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Bill joined the Army Air Force in 1942 and trained as a fighter pilot, but the war ended before he saw combat duty. After the war he took over the management of his family's cotton plantation near Webb, Mississippi. He married Erie Elizabeth Bobo in 1947, and their daughter and only child, Erie, was born in 1949.
When Bill returned home to the Mississippi Delta, he found farmworkers living in exceedingly poor conditions. Sharecroppers were often treated badly by landowners. Bill fired the farm's white overseer and promoted a black mechanic who worked as farm manager for 30 years until his retirement. Always searching for a better way to farm, Bill introduced the "skip-row" planting pattern to the Mississippi Delta, experimented with using geese to weed his crops and collaborated with seed developers to field-test new varieties. In 1964 Bill attended the Advanced Management Program at Harvard Business School, a program for high-level executives in leadership and management skills. The only cotton farmer in his class, he made life-long friends from all over the world.
During the 1960's and beyond, Bill and Betty were active in the Civil Rights Movement in Mississippi, and Bill served on the first bi-racial delegation to the Democratic convention in Chicago in 1968.
Bill's progressive attitude towards workers and innovations in farming practices earned him widespread recognition. In 1983 he won the Cotton Grower Cotton Achievement Award for his contributions to the field, and his history as a farmer was featured in David Halberstam's best-selling book "The Fifties."
When not out in the field, Bill could invariably be found reading. He was a long-time member of the Wolf River Book Club in Memphis, which included Civil War historian Shelby Foote. Having written his undergraduate thesis on William Faulkner, Bill was a supporter of the annual Faulkner Festival sponsored by the University of Mississippi. For many years he hosted a lunch for festival participants on the "Delta tour," where he regaled guests with his knowledge of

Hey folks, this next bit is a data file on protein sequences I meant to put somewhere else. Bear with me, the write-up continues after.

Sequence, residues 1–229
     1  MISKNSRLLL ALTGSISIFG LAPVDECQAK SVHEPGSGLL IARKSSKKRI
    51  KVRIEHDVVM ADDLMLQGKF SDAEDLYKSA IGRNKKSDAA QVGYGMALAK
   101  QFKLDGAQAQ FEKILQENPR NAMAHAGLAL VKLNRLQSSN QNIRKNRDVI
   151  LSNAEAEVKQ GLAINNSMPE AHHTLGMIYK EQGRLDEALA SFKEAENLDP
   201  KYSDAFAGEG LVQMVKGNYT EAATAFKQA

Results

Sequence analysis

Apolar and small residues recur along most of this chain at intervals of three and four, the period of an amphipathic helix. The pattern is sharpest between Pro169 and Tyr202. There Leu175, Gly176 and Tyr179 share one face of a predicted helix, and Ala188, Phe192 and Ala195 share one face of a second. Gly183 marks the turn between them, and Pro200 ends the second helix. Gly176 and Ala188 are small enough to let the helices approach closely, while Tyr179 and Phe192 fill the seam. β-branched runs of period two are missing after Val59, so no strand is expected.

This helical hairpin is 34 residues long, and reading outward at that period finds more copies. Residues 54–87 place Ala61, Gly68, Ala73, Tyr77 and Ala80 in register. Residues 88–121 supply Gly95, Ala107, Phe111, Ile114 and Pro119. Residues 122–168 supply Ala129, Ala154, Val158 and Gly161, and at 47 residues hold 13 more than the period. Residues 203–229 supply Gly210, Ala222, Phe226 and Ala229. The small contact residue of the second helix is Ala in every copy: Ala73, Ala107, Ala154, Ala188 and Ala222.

literature and Southern history.
In 2008 Bill and Betty moved to University Retirement Community to be closer to their daughter and her husband. Despite moving from the place he'd called home for over 80 years, Bill made numerous friends, including many much younger friends. At 95, he inspired all who knew him with his erudition, mental clarity, sense of humor and gentle warmth. A lover of word-play, Bill never let a grandchild's birthday pass by without penning a limerick for the occasion.
Bill was predeceased by his sister, Patricia Pearson Meriwether, and by his parents, Oscar Wallace Pearson and Marion Pearson Dunn. He is survived by his wife of 70 years, Betty Bobo Pearson; his daughter, Erie Pearson Vitiello and her husband Michael Vitiello; his granddaughter, Elizabeth Vitiello and her wife Janelle Ruley; and his grandson, James Vitiello. Other survivors include nieces Betty Bobo Adkins and her husband Marty and Charlotte M. Wrather and her husband Chris; and nephews Bob Bobo III and his wife Candy, Kirk Bobo and his wife Anne Craig, Jack Bobo and his wife Mary Martha, and Joel Bobo and his wife Leslie.
A memorial service for Bill will be held at a later date. In lieu of flowers, the family requests that donations be made to Yolo Hospice, P.O. Box 1014, Davis, CA 95617 or to the Southern Poverty Law Center, 400 Washington Avenue, Montgomery, AL 36104.